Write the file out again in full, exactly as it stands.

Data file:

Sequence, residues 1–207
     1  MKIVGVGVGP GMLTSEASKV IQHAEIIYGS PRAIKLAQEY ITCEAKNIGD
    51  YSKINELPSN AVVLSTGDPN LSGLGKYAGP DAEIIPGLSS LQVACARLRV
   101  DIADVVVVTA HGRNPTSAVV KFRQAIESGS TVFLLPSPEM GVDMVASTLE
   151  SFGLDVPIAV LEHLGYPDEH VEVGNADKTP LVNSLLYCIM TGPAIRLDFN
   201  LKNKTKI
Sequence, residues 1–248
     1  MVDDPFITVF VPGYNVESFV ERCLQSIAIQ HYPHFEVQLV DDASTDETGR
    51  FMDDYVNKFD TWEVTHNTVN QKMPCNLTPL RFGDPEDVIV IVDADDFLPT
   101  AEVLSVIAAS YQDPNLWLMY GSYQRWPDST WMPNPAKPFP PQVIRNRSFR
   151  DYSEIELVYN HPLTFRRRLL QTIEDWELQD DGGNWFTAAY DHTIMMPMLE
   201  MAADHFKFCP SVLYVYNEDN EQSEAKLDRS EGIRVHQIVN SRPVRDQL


Sequence, residues 1–207
     1  MKIVGVGVGP GMLTSEASKV IQHAEIIYGS PRAIKLAQEY ITCEAKNIGD
    51  YSKINELPSN AVVLSTGDPN LSGLGKYAGP DAEIIPGLSS LQVACARLRV
   101  DIADVVVVTA HGRNPTSAVV KFRQAIESGS TVFLLPSPEM GVDMVASTLE
   151  SFGLDVPIAV LEHLGYPDEH VEVGNADKTP LVNSLLYCIM TGPAIRLDFN
   201  LKNKTKI
Sequence, residues 1–248
     1  MVDDPFITVF VPGYNVESFV ERCLQSIAIQ HYPHFEVQLV DDASTDETGR
    51  FMDDYVNKFD TWEVTHNTVN QKMPCNLTPL RFGDPEDVIV IVDADDFLPT
   101  AEVLSVIAAS YQDPNLWLMY GSYQRWPDST WMPNPAKPFP PQVIRNRSFR
   151  DYSEIELVYN HPLTFRRRLL QTIEDWELQD DGGNWFTAAY DHTIMMPMLE
   201  MAADHFKFCP SVLYVYNEDN EQSEAKLDRS EGIRVHQIVN SRPVRDQL